I am editing someone's work and am not sure how to punctuate the following sentence. The list uses the word "or" multiple times for drama.

Option 1: They wanted money or a watch or a camera or some form of payment.

Option 2: They wanted money, or a watch, or a camera, or some form of payment.

Which is correct?

2 Answers 2


Punctuation is a style issue as opposed to a grammar issue. As such, there will be some variance based on style guide. I use The Chicago Manual of Style, but there are other good ones.

On your particular issue, there are no commas--Option 1: They wanted money or a watch or a camera or some other form of payment.

However, if you choose serial usage, then commas would be used with debate (in America) regarding the Oxford comma: They wanted money, a watch, a camera, or some other form of payment. [The Oxford comma precedes or in this case.]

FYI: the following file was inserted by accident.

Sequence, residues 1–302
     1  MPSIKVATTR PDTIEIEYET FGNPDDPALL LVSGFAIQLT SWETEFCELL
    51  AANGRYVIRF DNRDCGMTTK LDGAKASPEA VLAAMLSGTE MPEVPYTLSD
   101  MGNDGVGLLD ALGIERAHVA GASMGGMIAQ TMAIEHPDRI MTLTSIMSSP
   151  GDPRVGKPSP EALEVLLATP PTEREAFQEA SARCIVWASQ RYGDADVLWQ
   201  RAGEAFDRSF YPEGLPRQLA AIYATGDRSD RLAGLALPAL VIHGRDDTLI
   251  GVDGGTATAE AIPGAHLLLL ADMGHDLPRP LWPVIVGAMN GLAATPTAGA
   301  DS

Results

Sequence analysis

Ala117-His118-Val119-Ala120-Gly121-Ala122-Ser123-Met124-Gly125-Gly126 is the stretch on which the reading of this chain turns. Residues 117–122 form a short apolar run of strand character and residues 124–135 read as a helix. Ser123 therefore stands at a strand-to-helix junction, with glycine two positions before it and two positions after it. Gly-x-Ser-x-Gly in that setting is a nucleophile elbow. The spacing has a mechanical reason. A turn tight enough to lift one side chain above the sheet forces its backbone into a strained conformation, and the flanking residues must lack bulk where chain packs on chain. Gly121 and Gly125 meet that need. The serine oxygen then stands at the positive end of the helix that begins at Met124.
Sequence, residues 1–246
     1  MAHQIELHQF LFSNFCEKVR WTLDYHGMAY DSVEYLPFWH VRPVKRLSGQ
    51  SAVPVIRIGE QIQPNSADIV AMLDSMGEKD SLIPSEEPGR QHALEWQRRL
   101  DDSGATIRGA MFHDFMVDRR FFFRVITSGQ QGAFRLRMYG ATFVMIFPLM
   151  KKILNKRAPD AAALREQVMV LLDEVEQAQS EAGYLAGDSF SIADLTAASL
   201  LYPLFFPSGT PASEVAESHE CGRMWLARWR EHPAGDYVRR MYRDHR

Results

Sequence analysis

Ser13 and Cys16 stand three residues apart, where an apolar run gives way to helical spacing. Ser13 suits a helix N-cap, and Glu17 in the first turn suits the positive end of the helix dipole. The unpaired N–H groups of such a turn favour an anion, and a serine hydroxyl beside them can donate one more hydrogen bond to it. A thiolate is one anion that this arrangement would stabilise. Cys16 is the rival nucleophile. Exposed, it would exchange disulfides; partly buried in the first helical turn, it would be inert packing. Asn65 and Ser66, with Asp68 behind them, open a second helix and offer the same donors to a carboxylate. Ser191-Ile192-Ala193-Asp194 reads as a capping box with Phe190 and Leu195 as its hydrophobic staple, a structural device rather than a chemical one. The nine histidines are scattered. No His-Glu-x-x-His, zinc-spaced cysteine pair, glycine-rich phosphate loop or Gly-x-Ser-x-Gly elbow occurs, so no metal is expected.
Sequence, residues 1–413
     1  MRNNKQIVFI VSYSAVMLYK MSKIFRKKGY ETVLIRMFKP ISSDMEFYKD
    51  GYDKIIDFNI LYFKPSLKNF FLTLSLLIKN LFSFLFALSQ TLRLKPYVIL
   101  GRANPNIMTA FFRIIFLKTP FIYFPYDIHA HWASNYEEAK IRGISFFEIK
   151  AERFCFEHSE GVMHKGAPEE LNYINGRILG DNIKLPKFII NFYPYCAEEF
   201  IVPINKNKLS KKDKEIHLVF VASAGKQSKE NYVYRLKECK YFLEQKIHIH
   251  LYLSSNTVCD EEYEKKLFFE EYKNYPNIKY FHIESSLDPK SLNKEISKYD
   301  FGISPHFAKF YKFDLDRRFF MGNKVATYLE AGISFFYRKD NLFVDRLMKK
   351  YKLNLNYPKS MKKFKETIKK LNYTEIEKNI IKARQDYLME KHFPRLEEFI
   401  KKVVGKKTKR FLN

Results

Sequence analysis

It seems to be a topic under a lot of debate. Referred to as a serial comma, there are arguments for and against using commas in this fashion (https://en.wikipedia.org/wiki/Serial_comma)

Personally, I would use commas simply so I (or a potential reader) knows to pause for a breath when they come across it.

This is another good question/answer explaining this situation: Should I use a comma before "and" or "or"?

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